Author Identifier

Ashleigh McEvoy

Date of Award


Document Type



Edith Cowan University

Degree Name

Doctor of Philosophy


School of Medical and Health Sciences

First Supervisor

Professor Melanie Ziman

Second Supervisor

Dr Elin Gray


Cutaneous melanoma accounts for 90% of all skin cancer deaths (Balch et al., 2010) and is responsible for 3.6% of deaths from cancer in Australia (Australian Institute of Health and Welfare, 2016). Whilst early detection and successful surgical removal of primary melanomas have improved survival rates (DeSantis et al., 2014), approximately 30% of these patients will have disease recurrence at some point in their lives (Soong et al., 1992; Soong et al., 1998). This is despite being considered disease free following treatment, which may have included surgical removal of the primary and/or its metastasis/es, radiation and/or systemic therapy. Whilst the risk of melanoma recurrence may correlate to some extent with the stage of the primary melanoma in terms of its size and thickness and whether it has metastasised (Shaw et al., 1987; Soong et al., 1992; Soong et al., 1998), recurrences occur even after thin melanomas (associated with low-risk for recurrence) that have been completely excised (Dalal et al., 2007; Jones et al., 2013; Leiter et al., 2012; Meier et al., 2002; Salama et al., 2013; Soong et al., 1998). Melanoma may recur at any point in time, even 10 or more years after a primary melanoma has been excised (Crowley et al., 1990; Dong et al., 2000; Hohnheiser et al., 2011; Kalady et al., 2003; Tsao et al., 1997). Recurrences may present in the same or in areas adjacent to the primary melanoma, however the majority of recurrences appear in lymph nodes or other organs, at which point the disease is among the most aggressive and treatment-resistant of all human cancers (Kenessey et al., 2012; Luke et al., 2017; Mocellin et al., 2013; Sanmamed et al., 2015; Ti'mar et al., 2013). In the metastatic setting, resective surgery of solitary metastases is associated with the most favourable outcome (Chua et al., 2010; Petersen et al., 2007; Sanki et al., 2009; Wasif et al., 2011), however systemic therapy options are dramatically improving survival of patients with unresectable metastases (Garbe et al., 2016). Overall, the greatest treatment efficacy is associated with a low disease burden at time of therapy (Hodi et al., 2010; Luke et al., 2017; McArthur et al., 2016; Sosman et al., 2011) and therefore early detection of melanoma recurrence is critical for improved survival.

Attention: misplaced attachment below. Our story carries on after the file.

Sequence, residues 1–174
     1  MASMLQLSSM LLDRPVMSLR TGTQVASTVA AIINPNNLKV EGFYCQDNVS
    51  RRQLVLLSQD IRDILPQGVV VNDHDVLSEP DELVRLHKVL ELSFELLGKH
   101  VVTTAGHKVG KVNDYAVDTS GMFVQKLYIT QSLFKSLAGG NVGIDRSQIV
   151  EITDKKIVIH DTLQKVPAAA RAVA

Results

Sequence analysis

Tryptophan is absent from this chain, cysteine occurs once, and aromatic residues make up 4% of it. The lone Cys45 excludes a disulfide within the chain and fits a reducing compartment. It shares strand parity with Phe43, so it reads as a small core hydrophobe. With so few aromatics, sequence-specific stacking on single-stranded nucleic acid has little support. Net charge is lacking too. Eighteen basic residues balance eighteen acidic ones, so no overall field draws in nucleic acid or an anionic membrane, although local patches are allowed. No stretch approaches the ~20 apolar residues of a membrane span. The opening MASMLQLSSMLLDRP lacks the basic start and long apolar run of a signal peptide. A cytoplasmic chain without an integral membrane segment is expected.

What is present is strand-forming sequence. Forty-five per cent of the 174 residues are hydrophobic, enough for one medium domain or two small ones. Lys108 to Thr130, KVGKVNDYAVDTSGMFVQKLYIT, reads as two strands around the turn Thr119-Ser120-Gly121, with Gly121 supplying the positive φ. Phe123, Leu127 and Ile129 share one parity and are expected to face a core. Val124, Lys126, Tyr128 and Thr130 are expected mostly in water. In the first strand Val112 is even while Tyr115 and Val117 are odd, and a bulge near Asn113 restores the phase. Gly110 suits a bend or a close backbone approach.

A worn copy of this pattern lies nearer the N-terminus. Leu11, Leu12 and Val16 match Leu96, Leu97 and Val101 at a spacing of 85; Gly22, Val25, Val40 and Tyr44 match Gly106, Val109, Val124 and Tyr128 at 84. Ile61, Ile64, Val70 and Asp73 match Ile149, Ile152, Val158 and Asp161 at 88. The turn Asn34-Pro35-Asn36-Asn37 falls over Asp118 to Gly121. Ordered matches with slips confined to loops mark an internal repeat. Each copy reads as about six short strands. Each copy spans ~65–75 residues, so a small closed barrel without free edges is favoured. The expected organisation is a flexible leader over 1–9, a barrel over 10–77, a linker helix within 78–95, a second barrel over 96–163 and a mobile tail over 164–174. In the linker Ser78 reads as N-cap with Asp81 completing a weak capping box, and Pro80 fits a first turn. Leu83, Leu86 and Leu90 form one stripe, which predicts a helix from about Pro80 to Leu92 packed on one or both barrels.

To date, there are no reliable early markers of melanoma recurrence. Radiological imaging techniques and sentinel lymph node (SLN) biopsies (SLNB) are currently the methods employed to stage primary melanomas and detect metastases. Positron emission tomography (PET) with a labelled glucose analogue fluorine 18 fluorodeoxyglucose (18F-FDG) combined with computed tomography (CT) scans (FDG-PET/CT), are used routinely to determine disease burden. These have limited sensitivity however for the detection of early stage melanoma micro-metastases (Meyers et al., 2009; Pfannenberg et al., 2015), thus cannot provide timely clinical evidence of disease recurrence (Belhocine et al., 2002; Hindié et al., 2011; Krug et al., 2008). Fluorine 18 fluorodeoxyglucose Positron Emission Tomography combined with Computed Tomography (FDGPET/ CT) may be used routinely for monitoring of melanoma patients at high risk of disease recurrence, but it is expensive (Gellén et al., 2015) and subjects patients to excessive radiation exposure (Rueth et al., 2015). Whilst routine SLNBs offer a survival advantage in monitoring recurrence in patients with >1.0mm thick melanomas (Faries et al., 2017; Morton et al., 2014), they are relatively invasive for routine monitoring (Agnese et al., 2003; Lens et al., 2002). Early stage melanoma patients who are considered disease free and are not at high risk for a recurrence, are not routinely assessed by SLNB, or PET/CT or LNB, but rather by physical examinations (Australian Cancer Network Melanoma Guidelines Revision Working Party, 2008). Thus, an additional monitoring regime that can be performed regularly and in conjunction with physical examinations could lead to timely interventions resulting in improved treatment options that will positively impact on the patient’s quality of life and survival.

The detection and analysis of mutant specific circulating tumour DNA (ctDNA) is an emerging tool for detection of residual disease and for prognosis and monitoring of different cancers (Bettegowda et al., 2014; Dawson et al., 2013; Gray et al., 2015; Spindler et al., 2012). There is however, limited use of ctDNA for monitoring of residual disease and recurrence in clinically disease free patients v (Oshiro et al., 2015; Tie et al., 2016) and to date, this has not been assessed in melanoma. In melanoma, mainly V-raf murine sarcoma viral oncogene homolog B1 (BRAF) and to some extent, neuroblastoma RAS viral oncogene (NRAS) mutant ctDNA are utilised to monitor patients during therapy in the research setting (Ascierto et al., 2013a; Girotti et al., 2015; Gray et al., 2015; Sanmamed et al., 2015; Santiago-Walker et al., 2015). Notably, telomerase reverse transcriptase (TERT) promoter mutations are present in 50-70% of melanomas and confer a significantly poorer prognosis if found concurrently with BRAF or NRAS mutations relative to the occurrence of each mutation alone. Thus, the ability to monitor patients at all disease stages for the presence of BRAF, NRAS as well as TERT mutant ctDNA, would be advantageous even in BRAF and NRAS wild-type patients.

The overall aim of this thesis was to further develop existing tools that could regularly, inexpensively and non-invasively monitor melanoma patients for melanoma recurrence. Firstly, we focused on increasing the number of patients that could be monitored through ctDNA analysis. To do this we developed a new and innovative ddPCR TERT mutation assay and investigated its sensitivity alongside current assays in detecting mutations in melanoma tissue containing a small fraction of tumour cells. The significance of ctDNA for patient monitoring relative to current methods of clinical monitoring was then investigated in relation to melanoma recurrence. Finally, we conducted a retrospective analysis of ctDNA levels relative to metabolic tumour burden (MTB) derived from FDG-PET/CT to determine the lower limit of disease burden detectable by ctDNA using ddPCR.